Similarities, differences and what could have been

On January 15th, 2009 T-Mobile (OK, their agency Saatchi & Saatchi) filmed a group of people in a supposed flashmob-style event at Liverpool Street station in London to reflect the tagline ‘Life is for sharing’. Lots of opinions floated around the interwebs following its debut on TV that day, mostly positive, from what I gathered. 
On February 6th, 2009, a bunch of people, almost 13,000 strong, performed a silent disco (I don’t think it was very silent, from what I can see from the video, though!!) at the same venue. They got together based on information circulated in a Facebook group, many reports declaring that they created havoc for commuters who were trying to get home because the station was too jammed. 
There’s been some debate about whether the latter was ‘inspired’ by the former – CNN says outright that it was, in this article. I can’t find any information to the contrary, but personally I don’t think so. For one, flashmobs aren’t a particularly new concept – they began as early as 2003. The T-mobile commercial merely took the concept and used it to their benefit. (Apparently there were constant flashes going off and cameras/cameraphones filming the event, which was what the whole point of the stunt was – unless even those people were actors). T-Mobile will probably go down in history as the first brand to create an ad based on the concept, good for them. But if you think about how spontaneous it was (and this is where the ad has faced criticism), it seems to suddenly lose lustre. It’s like you were cheated out of your money because the brilliancy of the whole idea was no more than a performance by some people who were paid to do their job. The Facebook flashmob, on the other hand, was a great example of the power of social networking – here you had 13,000+ people who were alerted by no other means of communication than Facebook, who came together on their own and clearly had no monetary motive. Where they fell short, in my opinion, is in the execution – I’d rather watch the T-Mobile ad than the Facebook flashmob – you can’t have a ‘silent’ disco with people screeching all around.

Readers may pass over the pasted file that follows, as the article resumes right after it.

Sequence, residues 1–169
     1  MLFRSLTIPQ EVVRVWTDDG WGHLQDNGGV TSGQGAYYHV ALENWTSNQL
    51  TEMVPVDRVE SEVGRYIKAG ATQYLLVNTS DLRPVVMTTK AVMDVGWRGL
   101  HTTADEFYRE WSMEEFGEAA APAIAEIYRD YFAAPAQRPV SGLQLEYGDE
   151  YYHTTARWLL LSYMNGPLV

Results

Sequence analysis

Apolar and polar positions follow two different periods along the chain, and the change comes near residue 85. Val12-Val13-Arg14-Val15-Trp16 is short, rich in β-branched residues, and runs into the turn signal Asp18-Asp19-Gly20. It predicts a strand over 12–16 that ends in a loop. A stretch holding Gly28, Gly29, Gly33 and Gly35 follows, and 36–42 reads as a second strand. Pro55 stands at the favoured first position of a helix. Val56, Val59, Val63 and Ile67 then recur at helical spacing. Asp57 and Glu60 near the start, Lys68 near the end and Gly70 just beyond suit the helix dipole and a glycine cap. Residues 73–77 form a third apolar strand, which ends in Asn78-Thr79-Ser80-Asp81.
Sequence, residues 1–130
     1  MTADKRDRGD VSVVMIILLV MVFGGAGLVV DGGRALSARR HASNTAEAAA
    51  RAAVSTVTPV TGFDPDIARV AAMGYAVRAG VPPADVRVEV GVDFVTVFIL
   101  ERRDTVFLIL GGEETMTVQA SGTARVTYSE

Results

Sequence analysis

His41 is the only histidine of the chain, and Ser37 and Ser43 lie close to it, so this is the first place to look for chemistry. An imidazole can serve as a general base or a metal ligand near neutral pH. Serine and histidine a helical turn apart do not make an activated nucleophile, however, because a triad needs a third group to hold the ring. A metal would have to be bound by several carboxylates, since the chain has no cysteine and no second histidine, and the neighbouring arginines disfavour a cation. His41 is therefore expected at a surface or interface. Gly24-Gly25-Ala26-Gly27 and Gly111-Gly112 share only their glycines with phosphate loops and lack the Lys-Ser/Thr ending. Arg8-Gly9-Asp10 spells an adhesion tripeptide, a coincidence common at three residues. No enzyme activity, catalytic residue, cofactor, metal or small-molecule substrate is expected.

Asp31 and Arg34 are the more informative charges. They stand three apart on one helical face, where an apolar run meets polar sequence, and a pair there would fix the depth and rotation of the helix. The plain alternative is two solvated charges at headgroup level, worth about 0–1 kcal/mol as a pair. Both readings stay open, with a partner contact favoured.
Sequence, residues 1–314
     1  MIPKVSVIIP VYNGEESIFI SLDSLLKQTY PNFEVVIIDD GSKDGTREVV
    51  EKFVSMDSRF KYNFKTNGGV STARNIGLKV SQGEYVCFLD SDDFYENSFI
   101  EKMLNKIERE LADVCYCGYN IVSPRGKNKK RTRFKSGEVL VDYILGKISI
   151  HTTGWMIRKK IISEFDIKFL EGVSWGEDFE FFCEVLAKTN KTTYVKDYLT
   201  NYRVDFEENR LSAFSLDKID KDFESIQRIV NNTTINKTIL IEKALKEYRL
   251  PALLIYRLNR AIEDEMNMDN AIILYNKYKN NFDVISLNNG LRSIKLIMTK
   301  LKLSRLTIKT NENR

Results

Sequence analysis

What makes any act of this nature special is summarised beautifully in the words of Charlie Todd, founder of the New York group Improv Everywhere:

We get satisfaction from coming up with an awesome idea and making it come to life. In the process we bring excitement to otherwise unexciting locales and give strangers a story they can tell for the rest of their lives. We’re out to prove that a prank doesn’t have to involve humiliation or embarrassment; it can simply be about making someone laugh, smile, or stop to notice the world around them.

Improv Everywhere were behind the Grand Central freeze, one of my all-time favourite conversational topics. Technically though, they claim their events are not like flashmobs at all. (CNN slipped up in this article – more about Improv Everywhere’s philosophy here). So if comparisons are being made, I’d compare the T-Mobile stunt to the events organised by Improv Everywhere – but with one crucial difference. People who participate in Improv Everywhere’s events aren’t paid – they simply do it for the fun of it, whereas the T-Mobile actors probably were. I can’t say this for sure, but I’m pretty much certain. Then I started thinking – does that one fact make a difference to me? I completely agree with what Charlie Todd said, and that’s what makes those kind of events strike a chord with me. So if I had to strip the T-Mobile ad down to its bare bones – yes, it does make a difference, even if I give them full marks for execution. If the people involved in the ad weren’t paid, however (highly unlikely!), then I guess my vote goes for it 100%. Similarly, I loved the *idea* of the Facebook flashmob, but wish they’d gone about it better.